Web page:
Petrography and Chemical Analysis
All the mineralogical and petrographic testing has been done at the University of Bern, Switzerland and the Museum of Natural History, Switzerland by the skilled team of E. Gnos, B. Hofmann and M. Eggiman. These are their results:
« Electron microprobe analysis yielded olivine Fa18.6, pyroxene Fs16.3 Wo1.1, plagioclase An13.7. Mean olivine composition determined by XRD is Fa17.3. Mean chondrule size 0.35 mm (n=53). Metal abundance is 8 vol%, troilite 6.6 vol%. Mean size of plagioclase grains is ~20 mm. Troilite is polycrystalline, rich in silicate inclusions, and shows diffuse boundaries to metal. Metal is partly rich in silicate- and troilite inclusions. Rare metallic Cu (10 mm) at kamacite-taenite boundaries and in troilite. Shock stage is S2, some shock veins are visible, no weathering (W0). »
The cosmogenic radionuclides measured by Patrick Weber from the Particle Physics Group, Institute of Physics, University of Neuchâtel are consistent with a recent fall in October 2006: « Gamma-spectroscopy performed in December-January 2006 showed the presence of the following radionuclides: 48V, 46Sc, 56Co, 54Mn, 58Co, 7Be, 51Cr, 57Co, 22Na, 26Al and 60Co. Recalculated to 12 October 2006 22Na was 38.0±2.2 dpm/kg and 26Al 31.5±2.1 dpm/kg, the activity ratio of 1.21 is fully consistent with a fall on that date.»
There is however a slight inconsistency between the dates of October 12 resulting from these measurements and the fall date of October 16 as announced in the local press and as declared in the eyewitness accounts. This inconsistency may be within the tolerance of the gamma-spectroscopy data obtained.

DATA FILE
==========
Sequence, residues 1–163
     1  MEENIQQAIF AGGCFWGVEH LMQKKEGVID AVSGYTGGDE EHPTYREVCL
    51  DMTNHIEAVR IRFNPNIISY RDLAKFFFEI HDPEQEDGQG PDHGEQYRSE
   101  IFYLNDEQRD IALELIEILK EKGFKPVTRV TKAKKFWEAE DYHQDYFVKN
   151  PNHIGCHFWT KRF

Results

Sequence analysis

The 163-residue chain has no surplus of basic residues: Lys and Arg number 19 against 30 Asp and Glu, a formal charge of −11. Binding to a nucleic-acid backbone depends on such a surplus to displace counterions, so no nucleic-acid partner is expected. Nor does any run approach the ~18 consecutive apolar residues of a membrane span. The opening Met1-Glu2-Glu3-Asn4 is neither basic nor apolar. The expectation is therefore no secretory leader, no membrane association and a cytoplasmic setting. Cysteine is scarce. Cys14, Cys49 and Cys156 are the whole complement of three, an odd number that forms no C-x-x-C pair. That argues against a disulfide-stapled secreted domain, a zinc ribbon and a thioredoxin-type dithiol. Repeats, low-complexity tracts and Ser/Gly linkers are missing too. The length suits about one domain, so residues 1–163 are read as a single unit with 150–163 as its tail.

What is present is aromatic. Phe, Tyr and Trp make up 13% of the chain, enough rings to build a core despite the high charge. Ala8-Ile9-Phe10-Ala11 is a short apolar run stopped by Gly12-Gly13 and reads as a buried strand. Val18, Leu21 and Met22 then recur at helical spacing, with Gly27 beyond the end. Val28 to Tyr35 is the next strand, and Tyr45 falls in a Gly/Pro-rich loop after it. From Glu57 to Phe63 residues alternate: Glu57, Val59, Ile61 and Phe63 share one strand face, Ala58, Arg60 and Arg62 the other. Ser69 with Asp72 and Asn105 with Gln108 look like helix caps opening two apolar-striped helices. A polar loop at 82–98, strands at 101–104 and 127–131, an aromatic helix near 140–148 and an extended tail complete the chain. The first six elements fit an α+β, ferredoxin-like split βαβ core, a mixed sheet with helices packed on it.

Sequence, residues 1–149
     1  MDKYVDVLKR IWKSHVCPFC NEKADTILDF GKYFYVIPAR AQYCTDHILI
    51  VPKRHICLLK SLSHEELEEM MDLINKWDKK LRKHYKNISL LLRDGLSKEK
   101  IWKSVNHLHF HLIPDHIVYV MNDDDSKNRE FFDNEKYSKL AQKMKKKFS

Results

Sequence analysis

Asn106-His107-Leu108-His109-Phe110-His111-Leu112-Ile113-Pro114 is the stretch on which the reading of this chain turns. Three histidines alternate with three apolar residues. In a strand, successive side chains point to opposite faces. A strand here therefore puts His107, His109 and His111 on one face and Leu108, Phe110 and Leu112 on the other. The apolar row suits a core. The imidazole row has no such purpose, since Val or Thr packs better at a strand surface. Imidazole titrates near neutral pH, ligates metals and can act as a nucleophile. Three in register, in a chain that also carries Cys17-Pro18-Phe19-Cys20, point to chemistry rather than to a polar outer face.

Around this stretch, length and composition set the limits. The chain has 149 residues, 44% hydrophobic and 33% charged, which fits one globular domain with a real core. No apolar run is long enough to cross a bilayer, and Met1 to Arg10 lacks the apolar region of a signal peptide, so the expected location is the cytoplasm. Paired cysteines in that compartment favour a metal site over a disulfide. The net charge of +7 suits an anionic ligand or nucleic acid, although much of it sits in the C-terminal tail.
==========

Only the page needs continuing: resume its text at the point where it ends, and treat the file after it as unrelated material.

The classification of the Bassikounou meteorite as submitted to the NomCom is that of an ordinary chondrite (H5), with a shock stage of S2 showing no weathering (W0).
Prior to the Bassikounou event, a total of eight meteorites plus two crater structures were known for Mauritania. Among those are six finds and only two falls. Aioun el Atrouss, a diogenite weighing 1000gm fell at Gounquel in south-east Mauritania on April 17 in 1974. Kiffa, an ordinary chondrite of a TKW of 1500gm fell on October 23, 1970 at 14:55hrs. Bassikounou, the third registered fall in Mauretania is by far the largest and best documented fall in the history of the country.